Maybe the Federal Reserve might bail out the bankrupt states, you think? Hell, the Fed bailed out foreign banks and provided emergency funding to the European Central Bank, so why not our brethren in California, Illinois and elsewhere who have proven themselves incapable of managing their own finances?

While Strategas may not expect legislation allowing states to enter Chapter 9 to pass, how much do you trust the crowd in Washington, Sacramento, and elsewhere these days? Not much? I thought so. Neither do I.

“This would obviously have a major impact on the muni market and we don’t believe the intention is to hurt the muni market.”

The world may be filled with the best of intentions, BUT the economic landscape is also filled with all sorts of unintended consequences.

Navigate accordingly.

Larry Doyle

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I have no affiliation or business interest with any entity referenced in this commentary. As President of Greenwich Investment Management, an SEC regulated privately held registered investment adviser, I am merely a proponent of real transparency within our markets so that investor confidence and investor protection can be achieved.

  • Dude

    In today’s Financial Times,
    Nervous US ‘Muni’ Market Eyes Vallejo

    Like sovereigns in Europe, states cannot file for bankruptcy.

    A big concern in the bond markets is whether other cash-strapped local entities will turn to the courts for relief and force bondholders to accept concessions that have, at least in the recent past, been reserved for citizens, workers and vendors. In the past two weeks, investors have withdrawn more than $5bn from so-called “muni” funds, which buy municipal bonds, in part because of nervousness over local finances.

    “Vallejo is significant because it is part of a process of redefining the extent of the [bankruptcy] statute,” said Christopher Mier, a managing director at Loop Capital Markets, who served on the creditors’ committee for Orange County, California, whose 1994 bankruptcy was the US’s largest in 30 years.

    “Because Chapter 9 has been used so infrequently, any one case can set new precedents.”

    US state deficits

    Explore the US state fiscal crisis and examine each state’s 2011 budget gap and credit ratings
    Since 1980, there have been 248 Chapter 9 filings.

  • http://www.bizcap.com Chuck Doyle

    LD-

    My business is based in CA and a major part of what we do is work with distressed companies. Business is good! Most companies can not afford the exorbitant costs associated with a Chapter 11 and it is still the case that most lower middle market companies who enter into Chapter 11 end up in a Chapter 7 liquidation. We pride ourselves in being efficient and effective in dealing amicably and objectively with large numbers of creditors. Our assistance in implementing out-of-court restructuring plans has resulted in significant reduction in costs and delay, allowing clients that could not have afforded the administrative costs of a Chapter 11 to restructure and continue to operate. In representing our clients in an out of court restructuring we more often than not play the bankruptcy card in order to get concessions with our clients creditors. We present the facts and expedite the out of court restructuring process. We have a high level of success by being empathetic listeners to creditors and acting as an objective 3rd party. After creditors emotions have been separated by objectivity, most get it and a reasonable conclusion is realized. This is not the case when we deal with Unions. They believe and negotiate as if they are Sr. Secured creditors, and in my experience, I have seen their tactics torch good companies who would have been able to move forward if only the Unions were reasonable. The state of California is essentially insolvent and it is time the State starts operating as a business, lawyer up and start the cram down process with the Unions and other creditors or file Chapter 9.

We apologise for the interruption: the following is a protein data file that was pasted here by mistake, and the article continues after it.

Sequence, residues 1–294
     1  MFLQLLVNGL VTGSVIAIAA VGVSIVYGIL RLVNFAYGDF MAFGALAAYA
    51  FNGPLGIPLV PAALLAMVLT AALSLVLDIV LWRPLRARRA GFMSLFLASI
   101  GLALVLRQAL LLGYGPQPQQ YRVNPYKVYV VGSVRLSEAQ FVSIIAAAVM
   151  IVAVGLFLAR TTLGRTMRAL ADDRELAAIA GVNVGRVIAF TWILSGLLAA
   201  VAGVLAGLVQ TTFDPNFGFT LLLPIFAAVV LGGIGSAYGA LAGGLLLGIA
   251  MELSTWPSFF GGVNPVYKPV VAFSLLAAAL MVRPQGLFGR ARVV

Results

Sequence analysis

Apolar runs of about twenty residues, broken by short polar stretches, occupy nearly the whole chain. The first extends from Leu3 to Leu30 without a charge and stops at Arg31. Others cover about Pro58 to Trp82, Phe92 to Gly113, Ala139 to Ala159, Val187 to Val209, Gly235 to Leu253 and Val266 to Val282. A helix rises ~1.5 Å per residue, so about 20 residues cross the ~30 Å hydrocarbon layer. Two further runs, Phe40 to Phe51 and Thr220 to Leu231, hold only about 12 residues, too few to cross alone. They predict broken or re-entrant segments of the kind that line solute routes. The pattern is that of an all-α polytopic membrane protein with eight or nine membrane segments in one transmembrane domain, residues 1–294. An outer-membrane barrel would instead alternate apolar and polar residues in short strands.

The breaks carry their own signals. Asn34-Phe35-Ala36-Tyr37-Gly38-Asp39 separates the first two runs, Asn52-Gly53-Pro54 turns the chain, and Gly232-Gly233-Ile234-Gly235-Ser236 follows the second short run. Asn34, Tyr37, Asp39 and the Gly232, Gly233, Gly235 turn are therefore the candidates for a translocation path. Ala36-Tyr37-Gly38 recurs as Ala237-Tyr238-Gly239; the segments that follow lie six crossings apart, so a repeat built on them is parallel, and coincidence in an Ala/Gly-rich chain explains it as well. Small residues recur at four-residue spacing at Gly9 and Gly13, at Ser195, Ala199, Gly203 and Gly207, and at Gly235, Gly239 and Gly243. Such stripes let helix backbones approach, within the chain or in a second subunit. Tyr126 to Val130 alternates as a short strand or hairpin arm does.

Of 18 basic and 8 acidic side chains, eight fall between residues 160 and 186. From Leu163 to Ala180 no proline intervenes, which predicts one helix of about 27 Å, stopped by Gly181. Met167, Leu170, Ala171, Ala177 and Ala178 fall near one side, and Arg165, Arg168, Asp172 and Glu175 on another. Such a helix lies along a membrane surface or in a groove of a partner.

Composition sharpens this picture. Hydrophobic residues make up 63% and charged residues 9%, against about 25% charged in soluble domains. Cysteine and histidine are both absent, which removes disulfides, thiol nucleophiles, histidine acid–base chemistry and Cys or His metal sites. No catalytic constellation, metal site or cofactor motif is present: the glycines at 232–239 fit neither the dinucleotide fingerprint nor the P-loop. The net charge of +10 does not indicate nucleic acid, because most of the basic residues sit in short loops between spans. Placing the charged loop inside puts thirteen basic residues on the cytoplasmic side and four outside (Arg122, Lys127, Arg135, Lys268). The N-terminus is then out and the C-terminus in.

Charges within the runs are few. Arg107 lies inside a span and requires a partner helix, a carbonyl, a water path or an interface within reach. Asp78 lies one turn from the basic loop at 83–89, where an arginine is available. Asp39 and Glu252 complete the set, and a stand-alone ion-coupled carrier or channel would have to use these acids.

CD

    • LD

      Chuckie D.,

      Good to see there is some ‘sense on cents’ on the left coast…!!

  • Jeffers

    Regardless of other sentiment, I say no freaking way. If a state is bankrupt than why isn’t the federal government. The hypocrisy is too obvious and the loss to bond holders too great. The solution is more printing via the fed. QE2(3?) will be for those who need it most this next round. They will keep the game going. Do not worry.